Also, more attention needs to be given to possible demographic differences in students’ engagement in on-campus and off-campus courses. The available data show no notable differences in enrolment patterns in terms of gender or citizenship beyond differences between subject areas (consistent across on-campus and off-campus modes of provision). However, there is no comparable data for differences in terms of students’ age, educational background, socio-economic status and other possible confounding factors.

Nevertheless, the patterns and trends identified in these data do highlight a number of issues to bear in mind when considering the nature of future higher education provision.

Indeed, the COVID-19 shutdown of university campuses in 2020 raises a number of longer-term possibilities for higher education providers – not least, how best to meet possible increased demands and/or expectations for off-campus, online courses.

The Federal Government has already asked Australian universities to increase their capacity to provide short online courses for adults looking to re-skill in national priority areas such as information technology and nursing. This form of course provision might rise in importance in subsequent years as Australia deals with the expected economic downturn.

The ongoing situation has forced universities to provide online programs as the main form of instruction for the foreseeable future. After the pandemic, more institutions, including Go8 universities, will have the infrastructure in place to incorporate off-campus, online course delivery. Current students across universities and subject areas will have experienced some form of off-campus, online teaching. With this, traditional barriers to off-campus enrolments (such as perceived lower status or low quality of tuition) may recede.

The ongoing impact on demand for Australian higher education from international students is still to emerge. In light of changing travel and border controls, there may be increased demand from international students to enrol as off-campus students. However, this will depend on government regulations regarding the provision of off-campus courses for international students and on the ability of Australian universities to attract these students in the absence of potential immigration benefits from such enrolments.

There may also be an increased enthusiasm from university staff for teaching online, especially among those with little previous experience of off-campus course delivery. Given this, we have a number of suggestions arising from our analysis.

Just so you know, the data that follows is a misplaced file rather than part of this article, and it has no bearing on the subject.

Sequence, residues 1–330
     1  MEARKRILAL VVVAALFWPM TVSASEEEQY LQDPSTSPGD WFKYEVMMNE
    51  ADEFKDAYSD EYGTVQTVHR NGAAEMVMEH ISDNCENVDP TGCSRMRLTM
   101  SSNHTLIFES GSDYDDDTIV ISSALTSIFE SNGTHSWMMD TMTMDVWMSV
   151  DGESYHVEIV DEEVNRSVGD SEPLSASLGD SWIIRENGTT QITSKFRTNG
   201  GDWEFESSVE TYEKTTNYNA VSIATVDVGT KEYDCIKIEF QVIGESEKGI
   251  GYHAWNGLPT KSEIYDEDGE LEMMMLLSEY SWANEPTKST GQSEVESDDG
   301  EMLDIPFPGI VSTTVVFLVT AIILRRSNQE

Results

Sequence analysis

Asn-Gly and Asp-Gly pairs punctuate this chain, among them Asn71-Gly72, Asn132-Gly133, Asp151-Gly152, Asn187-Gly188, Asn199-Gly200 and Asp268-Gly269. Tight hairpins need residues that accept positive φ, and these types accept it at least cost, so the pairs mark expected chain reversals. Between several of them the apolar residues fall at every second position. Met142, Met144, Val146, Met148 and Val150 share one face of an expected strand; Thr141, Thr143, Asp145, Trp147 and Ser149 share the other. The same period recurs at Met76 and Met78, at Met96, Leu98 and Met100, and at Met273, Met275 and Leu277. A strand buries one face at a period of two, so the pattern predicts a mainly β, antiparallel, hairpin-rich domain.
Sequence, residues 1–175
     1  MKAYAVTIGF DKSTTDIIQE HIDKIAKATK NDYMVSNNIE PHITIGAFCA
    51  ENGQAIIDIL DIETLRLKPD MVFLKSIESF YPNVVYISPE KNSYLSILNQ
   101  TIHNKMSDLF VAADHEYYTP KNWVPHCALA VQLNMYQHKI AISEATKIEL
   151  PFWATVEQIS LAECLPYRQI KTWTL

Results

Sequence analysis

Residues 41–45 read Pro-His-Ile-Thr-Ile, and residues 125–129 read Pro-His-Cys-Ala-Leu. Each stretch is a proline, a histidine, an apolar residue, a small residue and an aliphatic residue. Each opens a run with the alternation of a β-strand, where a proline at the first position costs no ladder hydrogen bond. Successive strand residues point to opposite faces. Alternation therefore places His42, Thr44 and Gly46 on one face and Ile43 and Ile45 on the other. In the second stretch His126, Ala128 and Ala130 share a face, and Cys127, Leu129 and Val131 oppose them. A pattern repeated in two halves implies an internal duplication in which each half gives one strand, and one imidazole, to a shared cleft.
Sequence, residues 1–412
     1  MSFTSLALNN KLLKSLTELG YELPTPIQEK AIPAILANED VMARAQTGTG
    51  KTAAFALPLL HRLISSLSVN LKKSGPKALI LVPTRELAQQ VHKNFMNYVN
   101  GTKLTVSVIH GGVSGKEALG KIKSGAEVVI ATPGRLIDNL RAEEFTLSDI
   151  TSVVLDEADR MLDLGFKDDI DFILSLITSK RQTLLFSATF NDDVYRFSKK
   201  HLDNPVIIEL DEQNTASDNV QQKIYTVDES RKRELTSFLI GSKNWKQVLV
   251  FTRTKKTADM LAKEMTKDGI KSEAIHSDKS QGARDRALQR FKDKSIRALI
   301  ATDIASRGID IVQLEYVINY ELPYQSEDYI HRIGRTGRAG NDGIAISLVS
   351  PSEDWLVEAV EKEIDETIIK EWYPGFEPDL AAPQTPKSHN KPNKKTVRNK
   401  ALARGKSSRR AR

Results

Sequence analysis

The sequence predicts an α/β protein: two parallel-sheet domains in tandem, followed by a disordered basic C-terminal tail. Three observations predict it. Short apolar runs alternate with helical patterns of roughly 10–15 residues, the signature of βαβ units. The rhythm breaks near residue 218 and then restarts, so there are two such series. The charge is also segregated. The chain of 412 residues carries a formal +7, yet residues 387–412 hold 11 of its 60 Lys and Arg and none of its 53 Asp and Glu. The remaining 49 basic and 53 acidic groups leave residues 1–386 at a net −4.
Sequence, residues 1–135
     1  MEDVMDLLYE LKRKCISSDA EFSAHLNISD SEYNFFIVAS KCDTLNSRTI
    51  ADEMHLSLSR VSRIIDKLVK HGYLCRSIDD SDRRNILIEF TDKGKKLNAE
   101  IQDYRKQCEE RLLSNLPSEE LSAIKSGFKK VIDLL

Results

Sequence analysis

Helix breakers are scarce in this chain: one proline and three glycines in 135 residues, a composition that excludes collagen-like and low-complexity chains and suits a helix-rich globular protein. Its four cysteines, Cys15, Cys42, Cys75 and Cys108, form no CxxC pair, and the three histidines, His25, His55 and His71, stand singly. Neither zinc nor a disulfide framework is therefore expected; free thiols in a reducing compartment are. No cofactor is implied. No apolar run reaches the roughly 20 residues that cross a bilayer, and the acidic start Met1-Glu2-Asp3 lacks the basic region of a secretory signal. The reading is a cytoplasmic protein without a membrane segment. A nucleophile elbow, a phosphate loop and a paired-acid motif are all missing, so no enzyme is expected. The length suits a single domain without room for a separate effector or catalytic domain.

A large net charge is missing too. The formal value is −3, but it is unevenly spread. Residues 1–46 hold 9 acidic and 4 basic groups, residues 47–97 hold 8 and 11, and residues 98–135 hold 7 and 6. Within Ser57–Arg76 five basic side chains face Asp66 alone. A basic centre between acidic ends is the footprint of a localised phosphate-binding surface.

• It makes sense for any sector-wide moves to increase the provision of off-campus, online courses to be led by those institutions with the most experience. For postgraduate online courses, the bulk of existing provision exists within non-Group of Eight universities, along with specialist organisations such as Open Universities Australia.
     
  • If universities are accustomed to providing off-campus course delivery primarily to domestic students, they may need to pay particular attention to developing off-campus, online programs that cater for international students. We know from the development of on-campus programs that these student groups have specific, additional educational needs that should not be overlooked in any switch over to online teaching, if this becomes a possibility.
     
  • Although priority areas such as health may have a good track-record in off-campus, online provision, this is not the case in other subjects. There is a need for universities to focus on off-campus, online delivery in subject areas such as information technology, engineering and other technical subjects. Inter-faculty collaborations between these areas and colleagues in health and education might be a useful way to share ideas and experiences.

Further Reading

Hurley, P. & Van Dyke, N., (2020) Australian Investment in Education: Higher Education. Melbourne, Mitchell Institute.

Norton, A., Cherastidtham, I. & Mackey, W. (2018) Mapping Australian higher education. Melbourne, Grattan Institute

Stone, C., Freeman, E., Dyment, J., Muir. T., & Milthorpe N. (2019) ‘Equal or equitable? The role of flexibility within online education’, Australian and International Journal of Rural Education, 29, pp.78–92

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Data Bite #02: The shift to off-campus, online study